UNNECESSARY ROUGHNESS: Placer, Del Oro among nine football teams hit with Sac-Joaquin Section sanctions

By: Ike Dodson of the Auburn Journal
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Nine Sac-Joaquin Section football programs will scramble to fit the practice workload into a shortened season this year after violating a new SJS bylaw designed to limit the number of concussions and injuries to prep gridders this offseason.

Among the penalized schools are Placer County powers Placer, Del Oro, Whitney and Lincoln. Oakdale, Inderkum, El Camino, Woodcreek and Sacramento were also hit with the sanction, a loss of six vital practices during the 2015-16 season that began Monday.

Placer, Sacramento, Inderkum and Oakdale were targeted together by clashing violently in a three-day contact football camp at Placer High in June.

Michael Garrison, second-year SJS commissioner, said he took a bylaw learning curve into consideration when handing down the punishments to all nine programs.

“When I thought about the consequences, or sanctions, I knew firstly that it was a brand-new rule and secondly considered the intent of the coaches,” Garrison said Monday. “For the most part, in the camps we looked at, coaches tried to do what they thought was the right thing to do.”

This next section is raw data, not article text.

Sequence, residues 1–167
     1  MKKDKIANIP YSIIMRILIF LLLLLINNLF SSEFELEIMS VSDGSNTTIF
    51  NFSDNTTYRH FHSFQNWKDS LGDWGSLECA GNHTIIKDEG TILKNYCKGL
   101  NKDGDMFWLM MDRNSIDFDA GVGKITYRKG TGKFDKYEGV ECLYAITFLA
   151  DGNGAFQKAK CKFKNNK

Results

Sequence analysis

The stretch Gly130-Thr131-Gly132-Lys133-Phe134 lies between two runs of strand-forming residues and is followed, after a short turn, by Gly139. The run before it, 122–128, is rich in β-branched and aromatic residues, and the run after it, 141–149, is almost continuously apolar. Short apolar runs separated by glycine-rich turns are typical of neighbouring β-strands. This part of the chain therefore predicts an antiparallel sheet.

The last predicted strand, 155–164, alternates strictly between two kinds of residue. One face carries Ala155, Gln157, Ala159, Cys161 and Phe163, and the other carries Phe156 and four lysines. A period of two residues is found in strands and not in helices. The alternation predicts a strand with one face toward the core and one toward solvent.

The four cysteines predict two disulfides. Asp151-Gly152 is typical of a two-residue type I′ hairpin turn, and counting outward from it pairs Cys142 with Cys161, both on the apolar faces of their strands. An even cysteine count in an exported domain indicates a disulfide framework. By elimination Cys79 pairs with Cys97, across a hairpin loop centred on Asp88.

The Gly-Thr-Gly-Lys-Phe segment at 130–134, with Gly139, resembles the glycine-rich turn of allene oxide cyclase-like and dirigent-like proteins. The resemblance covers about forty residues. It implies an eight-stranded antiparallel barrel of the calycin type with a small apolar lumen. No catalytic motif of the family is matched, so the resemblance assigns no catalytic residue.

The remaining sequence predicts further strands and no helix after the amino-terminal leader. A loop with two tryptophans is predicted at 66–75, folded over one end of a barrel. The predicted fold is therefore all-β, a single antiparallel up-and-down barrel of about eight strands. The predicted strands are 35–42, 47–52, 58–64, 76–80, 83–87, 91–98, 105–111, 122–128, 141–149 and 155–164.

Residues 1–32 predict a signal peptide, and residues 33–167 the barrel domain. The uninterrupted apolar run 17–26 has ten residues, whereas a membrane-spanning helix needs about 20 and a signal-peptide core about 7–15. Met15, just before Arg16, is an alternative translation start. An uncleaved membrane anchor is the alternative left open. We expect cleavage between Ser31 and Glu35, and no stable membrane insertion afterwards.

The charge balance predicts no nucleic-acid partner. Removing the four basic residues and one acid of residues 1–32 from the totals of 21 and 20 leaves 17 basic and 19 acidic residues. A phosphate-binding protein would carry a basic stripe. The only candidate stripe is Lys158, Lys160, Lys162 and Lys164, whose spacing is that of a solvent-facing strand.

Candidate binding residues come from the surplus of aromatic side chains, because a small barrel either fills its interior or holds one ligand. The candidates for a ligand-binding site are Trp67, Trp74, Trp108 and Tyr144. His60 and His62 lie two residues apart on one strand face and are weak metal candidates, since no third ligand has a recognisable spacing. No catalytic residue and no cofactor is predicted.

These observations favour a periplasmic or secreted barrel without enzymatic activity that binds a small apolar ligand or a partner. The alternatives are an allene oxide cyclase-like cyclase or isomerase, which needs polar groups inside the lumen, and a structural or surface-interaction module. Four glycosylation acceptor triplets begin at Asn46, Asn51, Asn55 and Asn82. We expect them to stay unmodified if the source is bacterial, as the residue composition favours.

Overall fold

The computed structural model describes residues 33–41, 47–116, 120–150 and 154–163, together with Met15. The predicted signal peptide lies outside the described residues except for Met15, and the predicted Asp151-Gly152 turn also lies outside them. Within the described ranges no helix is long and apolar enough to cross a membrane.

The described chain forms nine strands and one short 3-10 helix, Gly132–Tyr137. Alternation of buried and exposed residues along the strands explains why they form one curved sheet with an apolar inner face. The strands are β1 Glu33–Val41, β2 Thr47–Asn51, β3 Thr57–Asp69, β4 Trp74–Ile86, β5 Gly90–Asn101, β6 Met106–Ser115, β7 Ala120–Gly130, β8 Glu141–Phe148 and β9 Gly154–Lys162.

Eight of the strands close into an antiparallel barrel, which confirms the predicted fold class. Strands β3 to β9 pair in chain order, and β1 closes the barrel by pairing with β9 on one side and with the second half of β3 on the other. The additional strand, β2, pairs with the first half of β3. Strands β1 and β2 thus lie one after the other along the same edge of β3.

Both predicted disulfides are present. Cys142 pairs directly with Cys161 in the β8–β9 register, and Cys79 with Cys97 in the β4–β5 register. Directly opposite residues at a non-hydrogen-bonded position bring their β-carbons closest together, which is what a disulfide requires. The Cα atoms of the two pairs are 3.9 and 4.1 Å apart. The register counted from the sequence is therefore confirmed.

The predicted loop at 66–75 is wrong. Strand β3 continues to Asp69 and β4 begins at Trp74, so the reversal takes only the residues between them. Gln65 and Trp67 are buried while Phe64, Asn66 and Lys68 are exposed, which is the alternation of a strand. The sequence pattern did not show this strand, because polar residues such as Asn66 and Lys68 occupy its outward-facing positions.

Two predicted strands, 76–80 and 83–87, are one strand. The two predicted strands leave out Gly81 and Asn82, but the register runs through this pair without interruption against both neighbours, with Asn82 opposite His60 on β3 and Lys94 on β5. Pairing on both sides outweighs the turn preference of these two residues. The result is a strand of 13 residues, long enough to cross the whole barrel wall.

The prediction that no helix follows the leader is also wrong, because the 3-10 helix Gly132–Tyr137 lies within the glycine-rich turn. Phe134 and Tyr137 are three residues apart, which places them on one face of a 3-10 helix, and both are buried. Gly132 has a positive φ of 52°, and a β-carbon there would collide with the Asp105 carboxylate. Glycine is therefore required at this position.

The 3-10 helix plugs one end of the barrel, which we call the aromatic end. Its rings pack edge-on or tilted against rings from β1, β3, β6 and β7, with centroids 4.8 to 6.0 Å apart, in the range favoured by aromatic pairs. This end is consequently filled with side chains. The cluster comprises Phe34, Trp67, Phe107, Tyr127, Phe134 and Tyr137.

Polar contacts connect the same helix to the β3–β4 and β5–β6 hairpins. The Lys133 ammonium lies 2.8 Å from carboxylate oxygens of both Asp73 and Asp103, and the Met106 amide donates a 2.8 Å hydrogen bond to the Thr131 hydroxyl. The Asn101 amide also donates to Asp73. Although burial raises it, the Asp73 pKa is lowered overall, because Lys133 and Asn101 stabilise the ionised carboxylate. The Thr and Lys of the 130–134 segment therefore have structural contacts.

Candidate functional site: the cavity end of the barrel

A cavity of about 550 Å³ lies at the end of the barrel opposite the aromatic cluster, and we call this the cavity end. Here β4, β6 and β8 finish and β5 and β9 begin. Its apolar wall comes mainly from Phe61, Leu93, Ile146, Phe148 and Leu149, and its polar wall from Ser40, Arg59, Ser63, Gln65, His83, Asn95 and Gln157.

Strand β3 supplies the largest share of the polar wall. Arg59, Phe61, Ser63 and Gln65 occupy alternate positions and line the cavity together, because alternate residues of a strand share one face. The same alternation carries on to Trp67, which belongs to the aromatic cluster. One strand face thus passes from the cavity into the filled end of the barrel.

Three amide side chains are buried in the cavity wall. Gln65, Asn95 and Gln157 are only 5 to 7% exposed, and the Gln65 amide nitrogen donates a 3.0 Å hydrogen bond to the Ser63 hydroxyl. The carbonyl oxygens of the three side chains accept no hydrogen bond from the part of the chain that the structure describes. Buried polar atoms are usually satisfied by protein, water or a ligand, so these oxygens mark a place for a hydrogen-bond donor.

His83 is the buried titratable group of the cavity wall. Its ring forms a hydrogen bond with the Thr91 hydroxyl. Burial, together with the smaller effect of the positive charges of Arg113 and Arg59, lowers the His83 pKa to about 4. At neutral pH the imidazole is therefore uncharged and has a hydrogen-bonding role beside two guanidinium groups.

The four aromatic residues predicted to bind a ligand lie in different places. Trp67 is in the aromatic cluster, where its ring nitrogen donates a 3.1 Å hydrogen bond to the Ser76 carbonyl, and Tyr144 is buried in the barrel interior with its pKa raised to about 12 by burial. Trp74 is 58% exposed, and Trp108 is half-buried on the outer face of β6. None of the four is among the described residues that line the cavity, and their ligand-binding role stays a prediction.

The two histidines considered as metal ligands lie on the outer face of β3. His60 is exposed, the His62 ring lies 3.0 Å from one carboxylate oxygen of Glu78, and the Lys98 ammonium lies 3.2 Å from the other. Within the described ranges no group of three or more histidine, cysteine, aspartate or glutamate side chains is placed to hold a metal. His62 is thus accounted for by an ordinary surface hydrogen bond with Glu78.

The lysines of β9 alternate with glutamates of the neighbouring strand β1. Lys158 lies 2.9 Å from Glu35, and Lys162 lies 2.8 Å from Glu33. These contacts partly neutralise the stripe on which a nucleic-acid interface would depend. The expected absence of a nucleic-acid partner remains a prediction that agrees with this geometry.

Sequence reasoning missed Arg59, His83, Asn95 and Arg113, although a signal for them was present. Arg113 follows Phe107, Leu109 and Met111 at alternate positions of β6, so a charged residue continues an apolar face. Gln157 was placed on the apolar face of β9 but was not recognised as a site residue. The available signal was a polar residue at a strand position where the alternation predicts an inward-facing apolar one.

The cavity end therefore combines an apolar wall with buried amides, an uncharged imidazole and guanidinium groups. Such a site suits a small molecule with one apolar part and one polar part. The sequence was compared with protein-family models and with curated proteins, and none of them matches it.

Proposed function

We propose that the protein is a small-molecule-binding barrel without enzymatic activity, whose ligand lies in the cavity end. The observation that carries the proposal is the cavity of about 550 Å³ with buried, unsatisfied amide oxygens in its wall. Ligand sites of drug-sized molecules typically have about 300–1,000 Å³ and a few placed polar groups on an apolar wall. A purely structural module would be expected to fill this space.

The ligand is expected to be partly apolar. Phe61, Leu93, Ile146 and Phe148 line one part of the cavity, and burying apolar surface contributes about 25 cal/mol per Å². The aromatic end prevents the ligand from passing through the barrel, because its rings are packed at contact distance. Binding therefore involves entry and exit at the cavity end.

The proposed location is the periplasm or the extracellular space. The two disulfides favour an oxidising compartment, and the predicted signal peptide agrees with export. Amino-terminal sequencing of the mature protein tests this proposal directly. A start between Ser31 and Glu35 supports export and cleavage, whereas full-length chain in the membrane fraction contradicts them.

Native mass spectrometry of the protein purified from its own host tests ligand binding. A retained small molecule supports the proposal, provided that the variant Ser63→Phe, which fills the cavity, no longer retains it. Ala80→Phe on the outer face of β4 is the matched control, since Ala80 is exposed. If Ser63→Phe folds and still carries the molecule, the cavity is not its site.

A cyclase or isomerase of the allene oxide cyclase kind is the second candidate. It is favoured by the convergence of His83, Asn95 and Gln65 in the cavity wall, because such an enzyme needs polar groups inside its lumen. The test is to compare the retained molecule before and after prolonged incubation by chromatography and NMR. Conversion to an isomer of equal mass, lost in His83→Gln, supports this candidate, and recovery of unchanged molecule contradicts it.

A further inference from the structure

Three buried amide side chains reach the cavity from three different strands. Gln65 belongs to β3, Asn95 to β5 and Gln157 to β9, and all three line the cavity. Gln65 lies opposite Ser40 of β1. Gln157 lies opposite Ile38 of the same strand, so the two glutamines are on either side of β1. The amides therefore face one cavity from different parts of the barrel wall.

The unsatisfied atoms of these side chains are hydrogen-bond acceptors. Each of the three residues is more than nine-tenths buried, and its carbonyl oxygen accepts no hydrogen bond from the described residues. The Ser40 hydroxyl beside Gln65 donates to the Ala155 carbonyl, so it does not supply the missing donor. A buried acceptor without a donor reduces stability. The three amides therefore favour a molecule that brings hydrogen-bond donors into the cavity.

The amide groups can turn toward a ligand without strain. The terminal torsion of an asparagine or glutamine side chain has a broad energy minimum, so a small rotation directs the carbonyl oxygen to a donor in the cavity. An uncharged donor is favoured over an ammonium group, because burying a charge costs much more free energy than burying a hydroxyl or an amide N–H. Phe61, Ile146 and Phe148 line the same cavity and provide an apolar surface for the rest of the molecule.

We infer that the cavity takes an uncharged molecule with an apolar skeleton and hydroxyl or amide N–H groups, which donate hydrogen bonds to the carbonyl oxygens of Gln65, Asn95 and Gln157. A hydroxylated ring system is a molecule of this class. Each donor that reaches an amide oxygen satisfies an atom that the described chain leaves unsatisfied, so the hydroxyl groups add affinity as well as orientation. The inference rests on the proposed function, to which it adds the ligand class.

Placer’s camp was a clear indication of intent to avoid contact that simply didn’t work out. Coaches established, in writing, a guideline for avoiding big collisions and injuries by keeping ball-carriers off the ground by wrapping them up and holding them upright.

This ultimately didn’t stick when tempers rose and players looked to establish control of the field. In one instance witnessed by an Auburn Journal reporter, Placer High fullback Morgan Robinson was violently tackled in a “high-low” spearing by two Sacramento defenders. The tackle was a possible reaction to when Robinson lowered his shoulder and bowled over a Sacramento defensive back a few plays prior.

“Coaches at Placer High had stuff written down on paper and talked about contact, agreed to avoid it, but when I looked at video tape of the camp, clearly what they had written on paper had developed into more contact,” Garrison said.

Garrison said teams were only penalized for the specific levels that partook in contact competition. He said that since Placer’s junior varsity and freshman teams didn’t join the contact camp, they were not sanctioned.

The bylaw is part of a growing movement to follow the NFL’s lead and limit concussions and injuries to football players.

“Concussions are a huge issue,” Garrison said. “Common sense tells you that if you get hit in the head less, you get fewer concussions.

“We are all going to learn together. Who knows what camp football is going to look like in the future.”

Placer High football coach Joey Montoya and athletic director Mark Lee were unable to be reached before press time.

Email Ike Dodson at Follow him on Twitter, @Ike_Dodson.